Thursday, April 15, 2021

Finding Self Love with Lipedema

Self Love can be a challenging journey for anyone, but living with a chronic illness (like Lipedema) makes that journey extra challenging.

We can see ourselves as less than, when our bodies don’t function like others, don’t look like others, don’t feel like others.

Our self care becomes less about indulgence, and more about necessity, about survival.

Self care for chronic illnesses can make us feel guilty, on top of feeling less than, and we can blame ourselves.

Blame, not just for having the condition, but for any progression of our condition we might endure. 

Did we not move enough, not eat the right things, need more self care, taking too much time away from family, etc.

It is a viscous cycle that chips away at your self worth every day. 

Finding ways to combat those thoughts and feelings are crucial on the journey to self love.

But it can feel overwhelming.

I get asked a lot... So how do you start loving yourself?

1. Start by showing yourself compassion. Be gentle and kind to yourself.

2. Stop blaming yourself.

3. Find gratitude in yourself.

4. Find things you like about yourself.

5. Start a hobby, take an interesting class, see yourself as more than your condition.

You are so much more than someone with Lipedema. It may be something you have, but it does not have to define you.

Starting the journey to self love may not be easy, but YOU ARE WORTH IT!

Sunday, April 11, 2021

Pool Replacement Idea for Lipedema

If you are anything like me, the pool is your happy place.

Even before learning I had Lipedema in 2007, and finding out that being in a pool was one of the best things I could do for my symptoms, actually one of the only physical activities suggested back then, I was (and remain) a mermaid at heart.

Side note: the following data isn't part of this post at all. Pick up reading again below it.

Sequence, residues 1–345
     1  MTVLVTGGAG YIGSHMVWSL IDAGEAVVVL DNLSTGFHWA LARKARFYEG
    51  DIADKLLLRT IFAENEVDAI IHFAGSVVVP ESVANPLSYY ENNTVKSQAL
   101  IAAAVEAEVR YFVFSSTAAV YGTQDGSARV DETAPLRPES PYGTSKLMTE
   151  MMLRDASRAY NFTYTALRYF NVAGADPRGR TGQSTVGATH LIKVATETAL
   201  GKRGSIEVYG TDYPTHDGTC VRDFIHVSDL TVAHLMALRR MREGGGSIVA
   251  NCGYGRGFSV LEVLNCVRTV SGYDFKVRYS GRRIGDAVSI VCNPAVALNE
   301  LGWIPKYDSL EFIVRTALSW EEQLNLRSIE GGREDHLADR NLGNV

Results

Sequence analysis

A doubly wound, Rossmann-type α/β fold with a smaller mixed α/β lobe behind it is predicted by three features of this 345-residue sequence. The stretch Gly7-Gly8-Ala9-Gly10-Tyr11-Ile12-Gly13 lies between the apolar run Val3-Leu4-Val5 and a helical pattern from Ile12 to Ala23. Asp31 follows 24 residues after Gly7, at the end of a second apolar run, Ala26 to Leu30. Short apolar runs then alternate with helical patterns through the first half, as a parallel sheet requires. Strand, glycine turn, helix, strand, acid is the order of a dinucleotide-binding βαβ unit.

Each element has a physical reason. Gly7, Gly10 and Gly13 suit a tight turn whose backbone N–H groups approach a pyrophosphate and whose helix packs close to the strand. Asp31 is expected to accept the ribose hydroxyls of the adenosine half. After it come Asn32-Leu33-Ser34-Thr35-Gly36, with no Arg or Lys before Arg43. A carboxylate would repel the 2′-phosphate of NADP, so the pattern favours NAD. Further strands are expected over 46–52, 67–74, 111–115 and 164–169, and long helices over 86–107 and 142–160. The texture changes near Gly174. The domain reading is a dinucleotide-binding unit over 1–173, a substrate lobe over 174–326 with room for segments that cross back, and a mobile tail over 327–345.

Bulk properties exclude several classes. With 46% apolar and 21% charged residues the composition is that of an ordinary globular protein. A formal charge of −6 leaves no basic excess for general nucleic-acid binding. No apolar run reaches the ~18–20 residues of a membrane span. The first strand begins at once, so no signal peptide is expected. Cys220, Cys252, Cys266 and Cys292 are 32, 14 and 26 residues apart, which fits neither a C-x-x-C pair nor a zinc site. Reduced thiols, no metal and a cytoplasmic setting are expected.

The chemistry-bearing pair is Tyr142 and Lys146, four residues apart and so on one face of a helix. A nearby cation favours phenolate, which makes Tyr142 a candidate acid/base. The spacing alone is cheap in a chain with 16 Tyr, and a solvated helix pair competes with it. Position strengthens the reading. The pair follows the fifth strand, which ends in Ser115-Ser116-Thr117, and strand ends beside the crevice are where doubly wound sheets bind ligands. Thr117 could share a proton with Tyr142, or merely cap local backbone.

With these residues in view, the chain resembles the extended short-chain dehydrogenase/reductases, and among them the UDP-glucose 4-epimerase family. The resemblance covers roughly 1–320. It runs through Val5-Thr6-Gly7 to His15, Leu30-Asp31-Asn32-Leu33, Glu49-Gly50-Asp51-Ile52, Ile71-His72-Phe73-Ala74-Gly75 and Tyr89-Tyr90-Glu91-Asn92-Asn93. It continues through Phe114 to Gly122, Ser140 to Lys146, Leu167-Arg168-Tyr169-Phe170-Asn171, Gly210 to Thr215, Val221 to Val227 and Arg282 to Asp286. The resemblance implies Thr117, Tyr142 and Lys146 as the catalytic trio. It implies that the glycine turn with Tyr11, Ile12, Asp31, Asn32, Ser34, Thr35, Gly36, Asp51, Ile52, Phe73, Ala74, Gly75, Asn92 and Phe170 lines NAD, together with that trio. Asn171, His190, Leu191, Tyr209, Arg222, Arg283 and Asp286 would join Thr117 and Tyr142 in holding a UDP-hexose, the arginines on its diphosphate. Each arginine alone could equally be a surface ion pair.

Which made the global pandemic even harder, as not being able to get to the pool for over a year, due to closures and fears of exposure to Covid-19, my legs took a big hit. But even more than that, my spirit took a bigger hit. 

Emotional fitness is one of the challenges of Lipedema, and at a time when we all needed extra emotional healing, to not have the pool as a resource, was only adding to the difficulties of living with Lipedema.

The pool has always been more than just a workout, or a fun physical activity to help my legs; it is more of a spiritual thing for me - soothing, healing, uplifting, I can literally feel the weight of my world fall away as I would ease into, and glide across the surface.

I love it so much, when I clorox the kitchen sink I usually drift off to pool memories, the scent alone takes me to my special place (yep, I'm that person who likes the smell of bleach, but almost purely because it reminds me of the pool).

My husband and coach could see the changes to my spirit, and to my legs, as the months went on. He brought up my rebounder (mini trampoline) from the basement, which did help to keep the fluid moving, and I also made sure I had my compression (and sneakers) on every day. Which can be an easy thing to brush off when working from home.

But the spiritual component was still missing.

My husband is not one to give up easily. He kept trying to think of ways to get me into the water, and as a huge gesture of love, for our anniversary last fall, he purchased us an inflatable hot tub for the backyard!

How romantic, right?

By the time all the components arrived, there were only a few weeks to a month at best before our winter would be starting, and past experiences with closing up inflatable pools, made me suggest we put off setting it all up until the spring. 

Reluctantly he would agree, but went forward with getting the surroundings ready, and here is where the fun began...

Our property butts up to several neighbors in our backyard, and finding an oasis, a place to add to the soothing nature that is a hot tub, presented some challenges, especially given our budget was tight.